Wouldn’t it be great for your brand to have a share in the estimated $100–$120 billion worldwide Apparel, Footwear, and Accessories resale market? That’s in addition to the environmental benefits of buying pre-owned. But what about some of the challenges, especially how to price resale items? How do you determine the “right price” for a pre-owned item when it’s as much about sustainability as maximizing profits? Do resale prices influence new prices? To get a better picture, we spoke to pricing expert Robert Tinterov, founder of Atenga Insights, about the difficulties and opportunities of pricing resale items in the sporting goods industry.

Robert Tinterov founded the consulting firm Atenga Insights in 2017, focusing intensively on the topic of pricing. Its Predictive Demand Engine method allows companies in different industries to see how a particular price structure will affect demand for their product. At its sister company PriceAgent, Tinterov has developed a pricing intelligence software that automates the process of price consulting and enables companies to make data-driven decisions without consultants. Tinterov, then, is a real pricing expert! How is that relevant to our Re:Thinking Business theme? Because pricing for resale in the sporting goods industry is one of the most challenging aspects for brands wanting to add this to their business model.

When is a price “right?”

SGI: Robert, in 2022 you spoke at Sportbranschens Dag (Sports Industry Day) in Stockholm about the value of the right price. When is a price “right?” 

Robert Tinterov: A price is right when it optimizes a company’s desired core key metric; be it unit volume, gross revenue or gross profit. 

Many outdoor sports brands like Peak Performance or Canada Goose as well as retailers like Globetrotter or Bergzeit have started resale projects in recent years. Investing in circularity is not always about increasing sales or profits, but about sustainability goals. How do I determine the right price for resale when it is not necessarily just about maximizing profit? 


Robert Tinterov, Founder of Atenga Insights and Pricing Expert

It’s up to a company to determine the right balance between maximizing profit and achieving alternative non-profit brand goals. Often it is not an either/or choice, as being sustainable can also provide a significant brand lift, especially for certain demographic niches.

Pricing research is invaluable here to help companies determine their parameters and achieve the right balance.

So as a pricing expert, what recommendations do you have for setting the sales prices of used products in the sports industry? 

It’s important to keep an open mind and know every situation is different depending on the product, the brand reputation and the target customer. It is all quantifiable by research.

Does a pre-owned product have an added value for sustainability-sensitive customers that I can also factor into the resale price? If so, how? 

I can imagine, for example, that a pre-owned article of clothing might potentially infer a lower risk to some consumers of PFAS contamination in our lakes. It would be an interesting narrative and again research can help quantify the business benefit.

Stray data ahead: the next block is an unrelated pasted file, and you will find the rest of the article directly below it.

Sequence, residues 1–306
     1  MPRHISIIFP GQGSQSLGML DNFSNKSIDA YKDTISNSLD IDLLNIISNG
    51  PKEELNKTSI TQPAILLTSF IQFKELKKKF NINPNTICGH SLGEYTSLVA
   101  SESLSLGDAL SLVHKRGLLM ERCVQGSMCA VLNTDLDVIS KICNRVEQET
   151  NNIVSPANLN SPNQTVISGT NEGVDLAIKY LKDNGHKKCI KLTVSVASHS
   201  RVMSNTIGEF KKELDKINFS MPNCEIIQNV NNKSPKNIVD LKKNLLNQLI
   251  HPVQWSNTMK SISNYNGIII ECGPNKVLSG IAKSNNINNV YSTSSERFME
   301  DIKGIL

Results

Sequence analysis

Prices of used products depend on new prices – and vice versa

The price of a used product always depends on the new price of a comparable product, amongst other factors. Conversely, do resale prices also influence new prices?

The short answer is: Definitely yes. For example, if the resale product includes proper assurances to the consumer of its quality and condition. 

Some brands worry resale will cannibalize sales of new products – especially in the outdoor sports industry with consumers who are particularly sensitive to sustainability. Does a company have more to gain with resale than pure cost recovery and a good image? 

It depends on the company, but there is no reason why most companies cannot achieve some level of profit with a resale product.

It might also be worth testing the brand lift in offering a portion of the proceeds to a relevant non-profit. 

Not a subscriber yet?

Dive deeper into the sporting goods industry with the latest insights and stories – straight to your inbox!

Subscribe Now

Resale projects can show the power of sustainability

You not only help your clients with pricing, but also give recommendations on customer segmentation and marketing. What opportunities does resale offer brands and retailers in the sporting goods industry? 

I think it will help quantify how important the issue of sustainability is to some sectors. Consumers will generally lean into new products, but if pre-owned products show strengths and are marketed correctly, they serve as a strong indication of the power of sustainability and other issues.

How do you think the share of resale sales in the sports industry will develop? 

Suppose companies test and tinker with the right narrative and optimal brand descriptors and identify the right demographic. In that case, I think there is a space here that can provide a halo effect for the entire industry!

-> Enjoyed this article? Find more of our circular economy content in our Re:Thinking Business special edition.